Keynote Address: ISDA Annual Australia Conference


A speech by Cathie Armour, Commissioner, Australian Securities and Investments Commission at the ISDA Annual Australia Conference, (Sydney, Australia), 23 October 2018


Thank you, Scott (O’Malia, CEO ISDA) for the introduction and for ISDA inviting me to speak today.

Let me begin by acknowledging the Traditional Owners’ ongoing connection to and custodianship of the lands on which we meet today, and to pay my respects to elders both past and present.

It is a great opportunity to give you an update on recent Australian derivatives market developments, and to provide you some ASIC perspectives on global market developments.

Wholesale market conduct

ASIC is focusing more deeply on the conduct of market participants in wholesale financial markets, including OTC derivatives markets. We have been enhancing our focus on these financial markets. I will outline several particular streams of work, but we have generally found that industry’s attention to wholesale market conduct issues has been lacking. We often see a lower level of maturity and intensity of control frameworks for wholesale markets than we find in exchange-traded markets. This is a focus for us, and we expect industry to ensure its control frameworks reflect the significant conduct risks that can arise in wholesale markets.

As a first example, since I spoke to you at last year’s conference, three major banks were found to have attempted to engage in unconscionable conduct in relation to the setting of our key interest rate benchmark, BBSW.  These banks also entered into court enforceable undertakings with ASIC in relation to their bank bill trading businesses. In May, the Federal Court found that Westpac traded to affect the BBSW and engaged in unconscionable conduct. This is the culmination of many years investigation by ASIC into the conduct of Australian institutions here and overseas, as well as foreign financial institutions that are active in Australia. We have also, with other members of the Council of Financial Regulators, driven reform to the regulatory settings for benchmarks in Australia, and I will talk about that later.

ASIC is a strong supporter of the Global FX Code, of which RBA Deputy Governor Guy Debelle, who you will hear from shortly, was absolutely instrumental in putting into place. FX market conduct is an area that ASIC is increasing its focus on, and the Global FX Code is an essential starting point for firms to follow to improve their practices.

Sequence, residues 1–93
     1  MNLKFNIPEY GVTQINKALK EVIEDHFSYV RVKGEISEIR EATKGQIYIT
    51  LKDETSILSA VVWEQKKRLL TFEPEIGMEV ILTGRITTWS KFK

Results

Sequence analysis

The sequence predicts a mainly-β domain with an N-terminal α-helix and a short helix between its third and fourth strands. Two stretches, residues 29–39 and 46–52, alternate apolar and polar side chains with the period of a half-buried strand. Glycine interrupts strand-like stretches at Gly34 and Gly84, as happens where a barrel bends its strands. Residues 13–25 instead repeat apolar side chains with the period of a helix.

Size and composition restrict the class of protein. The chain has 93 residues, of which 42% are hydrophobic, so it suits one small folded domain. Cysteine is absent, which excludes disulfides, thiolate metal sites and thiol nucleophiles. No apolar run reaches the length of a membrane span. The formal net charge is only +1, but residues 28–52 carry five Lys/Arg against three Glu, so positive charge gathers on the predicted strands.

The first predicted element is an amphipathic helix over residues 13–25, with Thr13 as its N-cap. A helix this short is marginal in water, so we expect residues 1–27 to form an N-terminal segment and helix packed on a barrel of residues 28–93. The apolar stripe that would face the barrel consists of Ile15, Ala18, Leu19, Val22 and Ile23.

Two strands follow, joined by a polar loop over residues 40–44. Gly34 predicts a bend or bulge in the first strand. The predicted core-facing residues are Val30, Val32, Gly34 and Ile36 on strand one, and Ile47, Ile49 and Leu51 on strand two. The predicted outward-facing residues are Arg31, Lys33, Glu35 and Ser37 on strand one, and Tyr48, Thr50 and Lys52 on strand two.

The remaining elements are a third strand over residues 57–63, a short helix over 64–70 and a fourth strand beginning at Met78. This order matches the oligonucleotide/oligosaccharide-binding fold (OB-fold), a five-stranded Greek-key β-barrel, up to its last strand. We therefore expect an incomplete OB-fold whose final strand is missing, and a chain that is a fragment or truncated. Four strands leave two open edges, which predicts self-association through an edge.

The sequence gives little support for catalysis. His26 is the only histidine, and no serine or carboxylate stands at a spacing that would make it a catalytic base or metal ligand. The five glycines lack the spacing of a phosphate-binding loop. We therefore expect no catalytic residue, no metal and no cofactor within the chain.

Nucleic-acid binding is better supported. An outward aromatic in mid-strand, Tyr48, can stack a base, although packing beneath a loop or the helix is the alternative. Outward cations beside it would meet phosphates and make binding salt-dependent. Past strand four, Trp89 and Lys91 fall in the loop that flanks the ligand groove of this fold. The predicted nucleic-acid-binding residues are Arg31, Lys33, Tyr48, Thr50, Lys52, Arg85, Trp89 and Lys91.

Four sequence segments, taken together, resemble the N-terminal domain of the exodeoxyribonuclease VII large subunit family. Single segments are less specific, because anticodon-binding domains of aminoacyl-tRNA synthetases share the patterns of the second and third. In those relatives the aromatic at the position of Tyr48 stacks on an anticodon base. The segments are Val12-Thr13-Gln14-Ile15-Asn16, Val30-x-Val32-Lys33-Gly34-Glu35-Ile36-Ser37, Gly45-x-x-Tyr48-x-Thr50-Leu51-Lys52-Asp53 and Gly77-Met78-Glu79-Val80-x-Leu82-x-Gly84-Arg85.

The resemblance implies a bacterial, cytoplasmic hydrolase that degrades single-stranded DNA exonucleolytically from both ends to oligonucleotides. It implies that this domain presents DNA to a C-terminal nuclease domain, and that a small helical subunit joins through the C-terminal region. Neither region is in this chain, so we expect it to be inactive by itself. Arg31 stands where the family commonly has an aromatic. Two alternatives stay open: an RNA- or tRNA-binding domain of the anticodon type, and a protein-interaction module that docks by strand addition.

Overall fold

One area we have looked at recently is the practice in FX markets of ‘last look’, in which a liquidity provider has the ability to decide over a fraction of a second whether to accept or reject a trade request from a client. While ‘last look’ may help facilitate a liquidity provider’s legitimate risk management, it also introduces the potential to exploit confidential client trading intentions and to otherwise treat clients unfairly. We are also concerned around the quality of client disclosure about the practice, with many clients unaware of the practice. We have recently undertaken a review to better understand ‘last look’,and will publish our observations and findings in due course. We also intend to conduct surveillance on liquidity providers to check their disclosure and internal processes and procedures.

Another priority for ASIC on FX will occur as part of our enhanced use of on-site surveillance and inspections. ASIC has recently given notice to a number of financial institutions of our intention to undertake on-site reviews with a focus on the control frameworks in place for the FX business. This is the first round of sets of on-site reviews that will seek to improve compliance standards in wholesale markets.

ASIC is also joining on-site examinations being undertaken on Australian financial institutions by the United States National Futures Association, or NFA. A number of large Australian financial institutions are registered as swap dealers with the CFTC and are NFA members. These institutions are required to comply with NFA Rules and CFTC Regulations. We appreciate the NFA inviting us to participate in these reviews, and they will help us to develop our own program of on-site reviews.

Benchmarks reforms

Following on from these conduct concerns, 2018 has seen significant reforms to Australian and global benchmarks.

In July, ASIC established a comprehensive regulatory regime for financial benchmarks, following the passage of enabling legislation through the Parliament. This was a significant step in ensuring continued market confidence in Australian financial benchmarks. It ensures that these critical benchmarks will be subject to international standards of oversight, including by making manipulation of any financial benchmark, or products used to determine such a benchmark, a specific offence and subject to civil and criminal penalties.